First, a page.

6 Ways You Can Help California's Mudslide Victims Right Now

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This week, mudslides in California have prompted evacuations and an urgent emergency response. At least 17 people have reportedly died in the mudslides, and more than 100 homes reportedly destroyed. It's a harrowing situation for people living in the affected regions, after a year that already saw a slew of natural disasters hit the state — which means this is a good time to think about offering whatever support you can. Here's how to help the California mudslide victims, because a lot of people are in real need of a helping hand right now.

According to the Los Angeles Times, the Santa Barbara County community of Montecito has been badly hit, with the mudslides dealing damage to many homes and forcing evacuations. Montecito is a wealthy area, home to none other than Oprah Winfrey, whose home was reportedly affected in the disaster.

The crisis is the result of recent heavy rainfall in the region, which triggered the mudslides. Some 300 people are still reportedly trapped in their homes in the Romero Canyon region, and rescue efforts are still ongoing — in short, it's an ongoing disaster, and one that demands some attention. If this sounds like the sort of situation that makes you want to lend a helping hand, here are some ways to do so.

Donate To A Local Food Bank

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In disasters, and especially when people are displaced from their homes, there are a few things people reliably need ― food, water, shelter, the basics. Needless to say, Montecito and the surrounding areas are fairly economically privileged, so hopefully, many of the people affected will have the financial means to help restore some of their previous quality of life.

But practical donations are always a good idea. The Santa Barbara food bank, for example, is always accepting donations. This is an especially valuable way to support the people who need your help the most ― providing something as basic as food for a displaced or low-income family is about as crucial as it gets.

Support The Santa Barbara Humane Society

The Santa Barbara Humane Society is currently helping out by providing something many people displaced by disasters need, but one that's often easily overlooked or forgotten. The organization is sheltering pets displaced by the storm, providing safe harbor for countless animals while the region rides out the crisis.

You can donate to the Santa Barbara Humane Society here.

Donate Blood

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The great thing about donating blood is that everybody wins ― your body will eventually replace the blood you lose, and somebody who needs blood gets some, too. Southern California is most definitely in need of blood donations right now, so if you live in or around the area and can give some of yours to help keep the supply going, that's a great way to make an impact.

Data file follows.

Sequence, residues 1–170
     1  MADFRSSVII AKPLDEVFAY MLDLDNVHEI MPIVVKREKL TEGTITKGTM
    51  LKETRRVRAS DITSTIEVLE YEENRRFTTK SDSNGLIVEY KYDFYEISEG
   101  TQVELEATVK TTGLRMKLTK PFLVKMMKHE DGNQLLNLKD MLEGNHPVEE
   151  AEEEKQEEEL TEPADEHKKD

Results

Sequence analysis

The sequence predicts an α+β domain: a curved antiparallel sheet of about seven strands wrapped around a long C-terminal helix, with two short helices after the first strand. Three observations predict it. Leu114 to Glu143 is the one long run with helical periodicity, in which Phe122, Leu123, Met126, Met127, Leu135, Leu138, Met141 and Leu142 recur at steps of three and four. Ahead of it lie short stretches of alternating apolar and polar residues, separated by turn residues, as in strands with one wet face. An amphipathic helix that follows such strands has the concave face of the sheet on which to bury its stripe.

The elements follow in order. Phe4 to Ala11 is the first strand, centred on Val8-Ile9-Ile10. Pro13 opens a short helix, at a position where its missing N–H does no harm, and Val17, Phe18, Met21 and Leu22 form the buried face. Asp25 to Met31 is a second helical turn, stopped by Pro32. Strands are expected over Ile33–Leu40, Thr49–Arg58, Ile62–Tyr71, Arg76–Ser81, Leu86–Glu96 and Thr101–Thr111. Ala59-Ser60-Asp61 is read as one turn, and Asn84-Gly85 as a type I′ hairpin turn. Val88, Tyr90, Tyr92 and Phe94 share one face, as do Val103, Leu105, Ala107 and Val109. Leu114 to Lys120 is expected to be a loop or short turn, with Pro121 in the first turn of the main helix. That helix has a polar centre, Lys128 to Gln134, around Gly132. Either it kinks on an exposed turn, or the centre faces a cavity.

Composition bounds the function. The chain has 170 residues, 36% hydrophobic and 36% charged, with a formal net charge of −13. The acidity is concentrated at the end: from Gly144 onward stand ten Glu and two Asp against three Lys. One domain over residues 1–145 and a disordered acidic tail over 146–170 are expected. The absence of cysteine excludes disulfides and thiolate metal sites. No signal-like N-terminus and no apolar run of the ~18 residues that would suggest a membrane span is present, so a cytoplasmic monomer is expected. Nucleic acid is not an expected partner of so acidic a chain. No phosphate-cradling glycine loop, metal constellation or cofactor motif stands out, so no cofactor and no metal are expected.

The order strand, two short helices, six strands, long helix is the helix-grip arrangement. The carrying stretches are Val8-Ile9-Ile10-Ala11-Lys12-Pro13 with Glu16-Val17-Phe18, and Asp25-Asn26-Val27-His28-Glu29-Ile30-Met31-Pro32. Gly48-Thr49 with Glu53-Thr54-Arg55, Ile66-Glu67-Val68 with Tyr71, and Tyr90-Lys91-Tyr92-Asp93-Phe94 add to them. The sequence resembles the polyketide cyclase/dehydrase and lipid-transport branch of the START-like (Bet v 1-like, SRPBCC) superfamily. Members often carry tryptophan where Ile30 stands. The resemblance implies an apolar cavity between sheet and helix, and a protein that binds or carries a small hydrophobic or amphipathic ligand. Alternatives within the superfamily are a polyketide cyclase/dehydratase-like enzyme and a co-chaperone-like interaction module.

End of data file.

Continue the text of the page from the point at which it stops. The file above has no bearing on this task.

Donate To A Fundraiser

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The cropping-up of online fundraisers is one of the familiar phases of the public's natural disaster response in recent years. The mudslides in Santa Barbara are no exception ― there are already a number of GoFundMe pages that you can donate to, provided you have the money to space.

Check In If You're Safe

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If you live in the affected areas but you're safe and sound, you can do a huge help to your friends and loved ones by checking in with the Red Cross so that it's confirmed you're safe.

Follow All Relevant Safety Information

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This might sound like a no-brainer, but it's hugely important: if you live in or around the affected regions, make sure you follow all relevant safety advice so that you don't get caught in a dangerous situation. Emergency services are always strained in times like these, so it's important that you not make a difficult situation any more taxing by heading into harm's way. The American Red Cross has some useful tips for avoiding danger and hazard in the midst of mudslide conditions, and you can check them out here.

Suffice to say the community of Montecito and the greater Santa Barbara area are going through a lot right now, and the deaths that have already been reported are tragic in the extreme. As such, if you have the ability and the inclination, you might consider lending a helping hand in any way you can.